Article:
The existence of so-called ‘stop lists’ or blacklists was first made public by artist Pavel Otdelnov (b. 1980) who left Russia after 24th of February, and has since opened two exhibitions in the West that evoked a pessimistic view about contemporary Russian society. He shared in a recent post on social media that his works had been excluded from a museum exhibition on political grounds. ‘A few months ago, the staff of one museum in Russia wrote to me to say that they really wanted to exhibit my work in their exhibition. Not that I wanted to participate - not at all - but I wanted to support the staff, many of whom I know personally. They are still working and trying to do something under unbearable conditions. I know there are people with a conscience among them’, Otdelnov explained. ‘But today they wrote to me that the museum now employs some people who have ‘specially been trained’ to check every name. It transpired that the museum thought for a long time but decided in the end not to involve me because the risks were too high for them’. The existence of ‘specially trained people’ on the museum staff was also confirmed to Russian Art Focus by a museum employee who preferred to remain anonymous.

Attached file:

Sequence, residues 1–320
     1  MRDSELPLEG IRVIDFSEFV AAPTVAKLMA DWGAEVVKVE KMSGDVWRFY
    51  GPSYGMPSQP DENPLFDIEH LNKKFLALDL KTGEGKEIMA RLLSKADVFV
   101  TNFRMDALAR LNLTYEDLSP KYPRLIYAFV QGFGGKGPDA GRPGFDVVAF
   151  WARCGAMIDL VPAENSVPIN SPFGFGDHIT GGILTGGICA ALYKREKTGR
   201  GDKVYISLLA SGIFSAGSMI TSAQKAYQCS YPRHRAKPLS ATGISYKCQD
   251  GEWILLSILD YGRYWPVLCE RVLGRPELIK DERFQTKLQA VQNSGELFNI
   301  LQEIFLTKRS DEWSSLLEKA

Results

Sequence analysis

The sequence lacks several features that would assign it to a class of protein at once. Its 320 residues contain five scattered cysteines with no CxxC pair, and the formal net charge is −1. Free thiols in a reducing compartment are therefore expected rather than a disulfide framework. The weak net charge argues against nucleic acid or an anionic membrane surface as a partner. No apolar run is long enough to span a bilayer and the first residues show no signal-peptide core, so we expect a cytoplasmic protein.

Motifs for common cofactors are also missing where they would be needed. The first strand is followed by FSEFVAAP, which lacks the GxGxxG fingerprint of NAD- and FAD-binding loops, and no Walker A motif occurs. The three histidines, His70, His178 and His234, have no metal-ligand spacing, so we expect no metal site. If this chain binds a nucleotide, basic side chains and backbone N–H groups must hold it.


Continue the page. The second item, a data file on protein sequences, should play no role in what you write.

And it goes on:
This is certainly not the first such incident in a major Moscow museum these days. In November, the Moscow Biennale was closed by the order of the Ministry of Culture on the eve of its official opening. It was due to take place at the State Tretyakov Gallery which has a national, ‘state museum’ status and reports directly to the Ministry of Culture, not to the Moscow government. The gallery’s official statement referenced the quality of exhibits not being on par with the level of a major state museum and their incompatibility with previously announced age restrictions (suitability for 6 years old and over) as the reason. Technical issues and a failure to install the show on time were also mentioned in internal correspondences between Biennale and the museum, published online by the Biennale’s director Yulia Muzykantskaya. The Biennale organizers also hinted that among the works on display which the Ministry found particularly alarming was a painting by Evgeniya Buravleva (b. 1980) dominated by yellow and blue, the colours of the Ukrainian flag. A video posted on the Biennale’s official social media account showed the artist herself explaining that the painting in question was nothing but a landscape, a realistic depiction of a field of crops under a blue sky.